Orthopedic Appliance Therapy Stabilization Appliance

Stabilization appliances (flat-plane splints) are utilized for the purpose of unloading the joints, equally distributing the forces, reducing the forces placed on the masticatory muscles, and protecting the occlusal surfaces of the teeth from chronic nocturnal bruxing. Usually, the patient is instructed to wear the splint only at night as long as parafunctional activity is controlled during the day with education and bite relation awareness. The splint should cover all of the maxillary or mandibular teeth and have bilateral posterior contacts with little to no anterior contacts. In addition, bilateral ball clasps may be incorporated into the splint for added retention. The stabilization appliance should feel comfortable to the patient at the time of try-in and be re-evaluated in a week. Adjustments should continue every 3 to 6 months because of changes that may result in the form and function of the splint from chronic bruxing.


Anterior Repositioning Appliance

Anterior repositioning splint prescription varies among clinicians, but is usually utilized for the chronic, intermittent closed-locking patient. With the possibility of permanent occlusal and bite changes with long-term use of repositioning appliances, short-term (6 weeks) use of this appliance is strongly recommended. If bite changes start to develop, the patient should be instructed to discontinue the use of the splint, and the splint may need to be converted to a stabilization nonrepositioning appliance. A few patients may experience increased pain with the use of a splint. In this case, the splint as well as the initial diagnosis should be re-evaluated. If the pain persists, discontinuation of splint therapy is recommended.

Surgical Therapy

Surgical therapy for TMD patients is recommended primarily for those that have tried conservative treatments without resolution of symptoms. Surgical recommendations (ie, arthrocentesis, arthroscopy) will depend on the degree of pathology as well as the result of previous conservative treatments. Also, consideration should be given to the patients extent of impairment and their compliance with previous non-surgical treatment modalities. Working closely with an oral and maxillofacial surgeon who has expertise with TMJ surgery is strongly recommended.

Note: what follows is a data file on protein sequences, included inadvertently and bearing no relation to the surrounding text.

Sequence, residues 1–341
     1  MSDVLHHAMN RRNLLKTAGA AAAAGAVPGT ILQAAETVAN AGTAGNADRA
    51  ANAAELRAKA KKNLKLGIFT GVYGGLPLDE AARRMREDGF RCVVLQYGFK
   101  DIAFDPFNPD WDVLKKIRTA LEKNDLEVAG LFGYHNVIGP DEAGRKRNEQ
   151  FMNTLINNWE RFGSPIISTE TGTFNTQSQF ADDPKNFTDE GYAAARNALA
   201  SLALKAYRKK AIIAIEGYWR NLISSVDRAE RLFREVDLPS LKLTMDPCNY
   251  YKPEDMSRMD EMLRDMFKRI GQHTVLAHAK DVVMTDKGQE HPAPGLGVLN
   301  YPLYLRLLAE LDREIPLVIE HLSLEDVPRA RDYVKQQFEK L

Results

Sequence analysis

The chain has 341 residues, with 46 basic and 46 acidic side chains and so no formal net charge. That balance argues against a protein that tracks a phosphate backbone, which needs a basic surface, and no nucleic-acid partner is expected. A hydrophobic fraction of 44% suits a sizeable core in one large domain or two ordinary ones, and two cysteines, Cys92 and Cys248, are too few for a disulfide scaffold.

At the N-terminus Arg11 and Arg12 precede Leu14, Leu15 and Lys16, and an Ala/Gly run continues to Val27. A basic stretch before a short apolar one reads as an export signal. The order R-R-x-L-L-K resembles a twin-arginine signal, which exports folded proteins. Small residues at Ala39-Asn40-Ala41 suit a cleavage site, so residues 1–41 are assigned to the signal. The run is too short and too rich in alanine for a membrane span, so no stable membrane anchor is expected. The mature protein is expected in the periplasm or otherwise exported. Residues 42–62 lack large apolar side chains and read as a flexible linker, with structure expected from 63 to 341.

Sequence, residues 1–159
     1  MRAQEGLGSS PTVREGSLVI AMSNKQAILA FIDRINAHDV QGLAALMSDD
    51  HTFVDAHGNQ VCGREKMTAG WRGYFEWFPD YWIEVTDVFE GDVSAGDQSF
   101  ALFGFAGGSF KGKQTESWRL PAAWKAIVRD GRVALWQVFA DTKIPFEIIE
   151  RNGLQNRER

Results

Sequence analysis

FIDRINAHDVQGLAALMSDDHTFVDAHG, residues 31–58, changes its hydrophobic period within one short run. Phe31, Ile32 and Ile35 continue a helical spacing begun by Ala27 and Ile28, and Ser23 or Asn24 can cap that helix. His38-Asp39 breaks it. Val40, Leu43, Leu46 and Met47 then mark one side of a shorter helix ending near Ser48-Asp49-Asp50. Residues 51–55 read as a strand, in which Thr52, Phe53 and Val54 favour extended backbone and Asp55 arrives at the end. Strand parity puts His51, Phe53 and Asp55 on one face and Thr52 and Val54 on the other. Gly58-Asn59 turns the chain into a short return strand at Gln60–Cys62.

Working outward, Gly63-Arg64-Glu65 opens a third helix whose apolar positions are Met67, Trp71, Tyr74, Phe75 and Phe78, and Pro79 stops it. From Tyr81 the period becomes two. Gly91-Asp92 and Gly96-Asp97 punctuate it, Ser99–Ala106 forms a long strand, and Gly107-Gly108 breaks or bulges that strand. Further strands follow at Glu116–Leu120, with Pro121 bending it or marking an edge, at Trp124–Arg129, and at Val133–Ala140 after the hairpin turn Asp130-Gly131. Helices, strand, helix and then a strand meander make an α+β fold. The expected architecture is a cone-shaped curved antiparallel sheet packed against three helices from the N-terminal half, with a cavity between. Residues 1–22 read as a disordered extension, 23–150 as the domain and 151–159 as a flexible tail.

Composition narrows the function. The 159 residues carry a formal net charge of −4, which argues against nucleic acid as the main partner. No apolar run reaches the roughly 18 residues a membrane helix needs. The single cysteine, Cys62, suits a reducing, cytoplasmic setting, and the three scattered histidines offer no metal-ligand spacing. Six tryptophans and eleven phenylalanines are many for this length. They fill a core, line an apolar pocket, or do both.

Arthrocentesis involves irrigation of the joint with lactated Ringers solution or saline. In certain acutely inflammatory joint conditions, steroid injection may follow arthrocentesis. This procedure is often followed by mandibular manipulation and is recommended for patients who have unresolving joint restrictions and for those individuals who have developed an acute or chronic closed lock.11 It is recommended that the patient have a stabilization or repositioning splint ready to be delivered immediately following the procedure. The procedure may need to be repeated if the lock recurs, and the patient must be reminded to avoid activities that cause locking.


Arthroscopy is direct visualization of a joint with an endoscope. It is performed by an oral and maxillofacial surgeon mainly in the upper joint space and is recommended primarily for lysis and lavage and also for ablation of adhesions and biopsy.12 An MRI of the joint is needed prior to the arthroscopic procedure. It is crucial to keep the procedure as brief and atraumatic as possible.


TMJ arthrotomy is an open surgical intervention performed by an oral surgeon. It is recommended for severe osseous pathology involving the TMJ, such as ankylosis and severe osteoarthritis that has not responded to conservative treatments.13 It is crucial to work closely with an experienced TMJ surgeon to assess the necessity of this procedure. Open surgical procedures include disk repair (diskoplasty), disk removal (diskectomy) with or without replacement and disk repositioning, and arthroplastic procedures such as condylar repair and removal (condylectomy).


Table 1. Differential diagnosis of orofacial pain.

Anatomical Origin























Cerebrovascular Accident

Salivary Gland

Tension Type Headache
Cluster Headache
Chronic Paroxysmal Hemicrania
Hemicrania Continua

(A) Episodic:
Trigeminal Neuralgia
Pretrigeminal Neuralgia